• This marks the first-ever match between the U-17 WYNT and India and the first meeting in a Women’s World Cup between the countries, but it will be the second match between the USA and India in women’s soccer. The first came this year, on June 25 in Helsingborg, Sweden, at the Women’s U-23 Three-Nations Tournament, a 4-1 victory for the U.S., but only after India scored first.
  • The USA and India also contested the opening match of the 2017 FIFA U-17 World Cup in India, the first FIFA tournament held in the country.
  • This year marks India’s first participation in the U-17 WWC and first appearance in a WWC at any level.
  • India played a slate of three final preparation matches in Spain before traveling to Bhubaneswar to kick off the tournament, facing Sweden, Andorra and the Women’s Soccer School Barcelona.
  • Swedish head coach Thomas Dennerby has led the Indian U-17 squad since 2019. He also serves as head coach for India’s U-20 and senior Women’s National Teams and previously led African women’s soccer power Nigeria as well as his native Sweden’s WNT.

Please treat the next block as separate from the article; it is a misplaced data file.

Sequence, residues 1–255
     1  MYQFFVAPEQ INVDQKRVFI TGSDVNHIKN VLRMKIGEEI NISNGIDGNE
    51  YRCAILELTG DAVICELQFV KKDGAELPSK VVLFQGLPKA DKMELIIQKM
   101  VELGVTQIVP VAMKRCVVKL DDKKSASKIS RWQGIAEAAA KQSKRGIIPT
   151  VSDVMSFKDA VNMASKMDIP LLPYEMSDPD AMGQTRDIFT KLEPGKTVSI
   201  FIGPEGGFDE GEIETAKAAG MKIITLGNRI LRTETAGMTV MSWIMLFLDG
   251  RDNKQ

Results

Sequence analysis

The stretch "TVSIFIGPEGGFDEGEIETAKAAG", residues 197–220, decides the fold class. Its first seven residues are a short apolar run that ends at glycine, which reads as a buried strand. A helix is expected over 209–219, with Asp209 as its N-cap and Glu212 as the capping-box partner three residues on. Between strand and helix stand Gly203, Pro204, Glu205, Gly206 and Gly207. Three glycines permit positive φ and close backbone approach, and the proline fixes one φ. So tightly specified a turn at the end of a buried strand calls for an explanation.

GOALKEEPERS (3): 1-Monalisha Moirangthem (Kryhpsa FC), 13-Melody Keisham (Young Welfare Club), 21-Anjali Munda (Jharkhand State Team)

DEFENDERS (6): 4-Shiky Hemam (Young Welfare Club), 20-Kajal (HOPS FC), 2-Pumima Kumari (Jharkhand State Team), 3-Naketa (ARA FC), 5-Astam Oraon (Jharkhand State Team), 19-Varshika (HOPS FC)

8-Kajol Dsouza (Parikrma FC), 17-Nitu Linda (Jharkhand State Team), 6-Babina Lisham (Companeroes SC), 12-Shelia Loktongbam (ICSA Irengbam), 15-Shailja (Hindustan FC), 16-Shubhangi Singh (Bhuj Kutch FC),

11-Anita Kumari (Jharkhand State Team), 18-Rejiya Laishram (Young Welfare Club), 7-Neha (HOPS FC), 9-Lynda Serto (Young Welfare Club), 14-Sudha Tirkey (Jharkhand State Team), 10-Lavanya Upadhyay (Signature FC)



  • Players born on or after Jan. 1, 2005, are age-eligible for the 2022 FIFA U-17 Women’s World Cup.